¶ 10. Husband raises two evidentiary issues with respect to the valuation: (1) the court erred in ruling that the testimony of husband's expert was irrelevant and therefore inadmissible, and (2) the court erred in prohibiting husband from cross-examining wife's expert witness. These arguments are puzzling because they do not reflect what actually happened. The testimony of the expert was excluded as a discovery sanction because husband failed to timely disclose this witness; he makes no argument here that the sanction was unsupported or excessive. Husband was able to extensively cross-examine wife's expert witness, but the court found irrelevant the particular question he cites on appeal, and he makes no argument that the question was relevant. Both of the challenged rulings involve trial court discretion. See State v. Brochu, 2008 VT 21, ¶ 49, 183 Vt. 269, 949 A.2d 1035 (relevancy ruling is discretionary); Lamell Lumber Corp. v. Newstress Int'l, Inc., 2007 VT 83, ¶ 18, 182 Vt. 282, 938 A.2d 1215 (decision to impose sanctions is discretionary and will be overturned only for abuse of that discretion). Husband has not addressed the exercise of that discretion and certainly has not shown abuse of discretion. Accordingly, we find no error.
¶ 11. Husband challenges the substance of the valuation decision. As we summarized above, the court was faced with two expert valuations of NHS. The court found wife's expert's opinion more persuasive because she included the disputed $110,000 in the year the court determined was more appropriate. The court found that wife's expert was “more qualified” and that her opinion was “more reliable,” and agreed that the business was worth approximately $281,000. Husband argues that the court abused its discretion by adopting wife's expert opinion because: (1) wife's expert changed her valuation methodology mid-trial; (2) her value defies common sense because the increase in value in the short life of the business was astronomical; (3) her valuation is too high in relation to annual sales; (4) NHS has no value beyond its physical tangible assets because it is totally dependent on husband's work; and (5) her valuation deviated from well-established valuation standards, because the capitalization rate wife's expert used failed to account for the risk due to NHS's size and earnings variability, and she relied on only one method of valuation. Husband also argues that the court erred in failing to determine whether NHS's historical information was a reasonable indication of its future earnings and in adopting wife's expert's assumed growth rate.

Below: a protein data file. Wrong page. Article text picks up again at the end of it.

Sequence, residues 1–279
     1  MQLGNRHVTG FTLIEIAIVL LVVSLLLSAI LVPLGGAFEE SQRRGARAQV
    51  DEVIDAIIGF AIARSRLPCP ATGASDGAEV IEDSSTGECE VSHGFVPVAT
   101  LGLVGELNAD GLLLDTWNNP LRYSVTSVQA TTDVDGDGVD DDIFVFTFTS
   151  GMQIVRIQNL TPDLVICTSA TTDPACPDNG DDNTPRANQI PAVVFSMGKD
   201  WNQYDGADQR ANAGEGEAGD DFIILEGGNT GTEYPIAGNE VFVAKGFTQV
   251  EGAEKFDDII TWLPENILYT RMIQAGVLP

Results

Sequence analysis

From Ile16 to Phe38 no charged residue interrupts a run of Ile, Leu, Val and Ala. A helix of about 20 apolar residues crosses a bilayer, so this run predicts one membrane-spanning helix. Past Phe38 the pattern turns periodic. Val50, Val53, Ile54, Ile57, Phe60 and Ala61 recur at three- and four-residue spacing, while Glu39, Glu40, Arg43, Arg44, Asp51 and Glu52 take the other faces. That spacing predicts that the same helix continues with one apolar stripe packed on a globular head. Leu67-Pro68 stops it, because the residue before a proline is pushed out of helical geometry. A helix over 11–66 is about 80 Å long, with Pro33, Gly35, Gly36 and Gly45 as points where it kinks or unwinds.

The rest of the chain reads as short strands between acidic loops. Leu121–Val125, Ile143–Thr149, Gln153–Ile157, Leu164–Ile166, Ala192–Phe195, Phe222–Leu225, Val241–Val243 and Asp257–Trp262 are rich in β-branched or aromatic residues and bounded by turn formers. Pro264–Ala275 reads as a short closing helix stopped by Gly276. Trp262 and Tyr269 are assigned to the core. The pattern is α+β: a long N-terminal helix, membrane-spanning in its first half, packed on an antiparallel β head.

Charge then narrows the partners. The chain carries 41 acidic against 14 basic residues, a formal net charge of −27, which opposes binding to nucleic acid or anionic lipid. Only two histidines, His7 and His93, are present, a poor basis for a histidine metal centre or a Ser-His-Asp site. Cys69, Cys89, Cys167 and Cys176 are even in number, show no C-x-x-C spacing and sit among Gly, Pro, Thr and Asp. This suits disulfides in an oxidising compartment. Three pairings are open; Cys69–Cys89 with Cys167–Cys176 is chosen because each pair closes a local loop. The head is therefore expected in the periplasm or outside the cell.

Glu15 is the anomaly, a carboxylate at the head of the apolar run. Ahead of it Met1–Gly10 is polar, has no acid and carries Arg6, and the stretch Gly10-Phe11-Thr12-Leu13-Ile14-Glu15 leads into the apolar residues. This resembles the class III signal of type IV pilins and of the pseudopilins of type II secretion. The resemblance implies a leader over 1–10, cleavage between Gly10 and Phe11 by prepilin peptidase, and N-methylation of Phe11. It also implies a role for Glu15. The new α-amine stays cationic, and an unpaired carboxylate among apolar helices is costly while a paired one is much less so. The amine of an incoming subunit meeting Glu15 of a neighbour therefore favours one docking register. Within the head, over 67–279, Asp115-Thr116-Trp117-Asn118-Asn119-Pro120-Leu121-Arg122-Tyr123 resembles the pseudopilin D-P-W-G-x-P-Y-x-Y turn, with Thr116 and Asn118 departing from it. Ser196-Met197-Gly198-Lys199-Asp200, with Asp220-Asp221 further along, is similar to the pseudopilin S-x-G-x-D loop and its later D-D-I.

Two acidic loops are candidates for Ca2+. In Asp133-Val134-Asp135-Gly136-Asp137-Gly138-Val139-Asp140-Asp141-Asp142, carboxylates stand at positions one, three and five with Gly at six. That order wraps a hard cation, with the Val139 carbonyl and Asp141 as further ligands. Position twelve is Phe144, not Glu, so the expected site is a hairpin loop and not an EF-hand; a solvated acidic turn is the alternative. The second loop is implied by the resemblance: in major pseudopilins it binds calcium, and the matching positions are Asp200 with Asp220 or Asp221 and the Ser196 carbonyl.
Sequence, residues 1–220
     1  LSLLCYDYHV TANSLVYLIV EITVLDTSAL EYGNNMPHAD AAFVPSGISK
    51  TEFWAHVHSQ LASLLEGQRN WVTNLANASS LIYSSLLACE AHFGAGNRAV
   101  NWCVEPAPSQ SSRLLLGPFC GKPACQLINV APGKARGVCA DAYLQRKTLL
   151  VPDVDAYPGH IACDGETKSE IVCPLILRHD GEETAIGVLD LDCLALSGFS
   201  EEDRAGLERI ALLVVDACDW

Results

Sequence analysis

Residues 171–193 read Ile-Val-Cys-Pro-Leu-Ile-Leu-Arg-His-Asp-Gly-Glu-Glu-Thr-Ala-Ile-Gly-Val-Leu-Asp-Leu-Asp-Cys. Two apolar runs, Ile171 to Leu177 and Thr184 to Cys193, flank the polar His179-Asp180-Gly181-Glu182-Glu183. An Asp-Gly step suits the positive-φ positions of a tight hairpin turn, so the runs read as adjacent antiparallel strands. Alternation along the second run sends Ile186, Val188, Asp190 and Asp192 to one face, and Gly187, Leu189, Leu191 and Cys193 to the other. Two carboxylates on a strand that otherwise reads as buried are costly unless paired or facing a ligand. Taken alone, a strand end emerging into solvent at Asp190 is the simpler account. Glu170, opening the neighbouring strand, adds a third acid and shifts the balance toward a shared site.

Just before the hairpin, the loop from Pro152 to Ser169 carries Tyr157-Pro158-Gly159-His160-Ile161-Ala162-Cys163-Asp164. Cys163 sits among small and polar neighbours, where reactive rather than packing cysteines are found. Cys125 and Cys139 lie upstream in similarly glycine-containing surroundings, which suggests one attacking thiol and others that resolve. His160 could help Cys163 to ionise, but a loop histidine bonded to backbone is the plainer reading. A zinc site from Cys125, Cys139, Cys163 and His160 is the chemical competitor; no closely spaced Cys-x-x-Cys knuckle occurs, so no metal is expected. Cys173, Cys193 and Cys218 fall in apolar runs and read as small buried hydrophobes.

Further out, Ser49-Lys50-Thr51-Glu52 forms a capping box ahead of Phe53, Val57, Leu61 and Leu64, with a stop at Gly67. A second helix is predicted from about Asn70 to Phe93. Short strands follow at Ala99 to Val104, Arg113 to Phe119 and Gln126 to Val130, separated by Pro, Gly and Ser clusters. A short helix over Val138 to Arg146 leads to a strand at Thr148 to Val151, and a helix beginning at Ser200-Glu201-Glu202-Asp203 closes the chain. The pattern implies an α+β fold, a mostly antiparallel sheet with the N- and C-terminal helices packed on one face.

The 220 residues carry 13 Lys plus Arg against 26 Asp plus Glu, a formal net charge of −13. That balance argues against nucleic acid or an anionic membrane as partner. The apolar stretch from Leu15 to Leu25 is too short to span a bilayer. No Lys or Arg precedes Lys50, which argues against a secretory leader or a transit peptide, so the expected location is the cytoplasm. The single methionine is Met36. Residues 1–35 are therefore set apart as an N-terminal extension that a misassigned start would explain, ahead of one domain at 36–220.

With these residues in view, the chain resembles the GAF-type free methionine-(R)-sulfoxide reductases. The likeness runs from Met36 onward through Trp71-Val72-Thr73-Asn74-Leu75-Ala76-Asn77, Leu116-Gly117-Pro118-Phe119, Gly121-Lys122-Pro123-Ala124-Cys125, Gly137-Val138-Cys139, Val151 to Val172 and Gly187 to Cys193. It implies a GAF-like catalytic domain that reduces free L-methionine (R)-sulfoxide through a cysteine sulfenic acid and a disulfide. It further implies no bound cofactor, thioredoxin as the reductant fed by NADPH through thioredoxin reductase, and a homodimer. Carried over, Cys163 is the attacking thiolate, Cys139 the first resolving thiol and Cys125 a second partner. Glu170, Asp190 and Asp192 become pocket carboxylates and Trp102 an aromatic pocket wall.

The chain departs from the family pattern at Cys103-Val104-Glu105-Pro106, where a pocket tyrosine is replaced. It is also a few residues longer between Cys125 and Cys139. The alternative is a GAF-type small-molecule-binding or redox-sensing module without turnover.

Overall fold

¶ 12. Some of husband's arguments-for example, the argument that NHS has no value beyond its physical assets because it is entirely dependent on husband's work-were not raised below and, therefore, were not preserved for appeal. See Bell v. Bell, 162 Vt. 192, 201, 643 A.2d 846, 852 (1994) (refusing to consider the wife's argument concerning payment of taxes on liquidation of a marital asset, given that the wife failed to raise the issue in her requested findings, her motion to amend, or otherwise at trial). As another example, husband argues that the court should have applied a greater discount for the lack of marketability of NHS, but husband's own expert did not apply a lack of marketability discount and husband did not specifically request that the family court apply a larger discount than that used by the experts. Thus, this claim was not preserved.